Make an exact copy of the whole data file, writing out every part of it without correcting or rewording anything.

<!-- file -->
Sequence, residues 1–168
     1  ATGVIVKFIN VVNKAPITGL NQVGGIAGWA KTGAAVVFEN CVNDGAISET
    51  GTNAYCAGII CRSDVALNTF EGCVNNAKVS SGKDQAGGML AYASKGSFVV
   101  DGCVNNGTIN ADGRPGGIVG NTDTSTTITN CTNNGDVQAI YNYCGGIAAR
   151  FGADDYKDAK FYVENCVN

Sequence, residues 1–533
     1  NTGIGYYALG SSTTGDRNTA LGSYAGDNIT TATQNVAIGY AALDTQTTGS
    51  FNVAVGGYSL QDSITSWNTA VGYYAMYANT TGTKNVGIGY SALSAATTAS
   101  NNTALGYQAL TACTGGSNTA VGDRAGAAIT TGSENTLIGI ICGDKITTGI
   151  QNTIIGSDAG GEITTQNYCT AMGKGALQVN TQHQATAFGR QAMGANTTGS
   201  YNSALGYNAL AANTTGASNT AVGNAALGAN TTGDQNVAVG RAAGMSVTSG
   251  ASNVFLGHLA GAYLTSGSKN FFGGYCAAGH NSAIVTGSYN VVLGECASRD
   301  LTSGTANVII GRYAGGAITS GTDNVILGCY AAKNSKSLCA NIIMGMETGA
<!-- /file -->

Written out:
Sequence, residues 1–168
     1  ATGVIVKFIN VVNKAPITGL NQVGGIAGWA KTGAAVVFEN CVNDGAISET
    51  GTNAYCAGII CRSDVALNTF EGCVNNAKVS SGKDQAGGML AYASKGSFVV
   101  DGCVNNGTIN ADGRPGGIVG NTDTSTTITN CTNNGDVQAI YNYCGGIAAR
   151  FGADDYKDAK FYVENCVN

Sequence, residues 1–533
     1  NTGIGYYALG SSTTGDRNTA LGSYAGDNIT TATQNVAIGY AALDTQTTGS
    51  FNVAVGGYSL QDSITSWNTA VGYYAMYANT TGTKNVGIGY SALSAATTAS
   101  NNTALGYQAL TACTGGSNTA VGDRAGAAIT TGSENTLIGI ICGDKITTGI
   151  QNTIIGSDAG GEITTQNYCT AMGKGALQVN TQHQATAFGR QAMGANTTGS
   201  YNSALGYNAL AANTTGASNT AVGNAALGAN TTGDQNVAVG RAAGMSVTSG
   251  ASNVFLGHLA GAYLTSGSKN FFGGYCAAGH NSAIVTGSYN VVLGECASRD
   301  LTSGTANVII GRYAGGAITS GTDNVILGCY AAKNSKSLCA NIIMGMETGA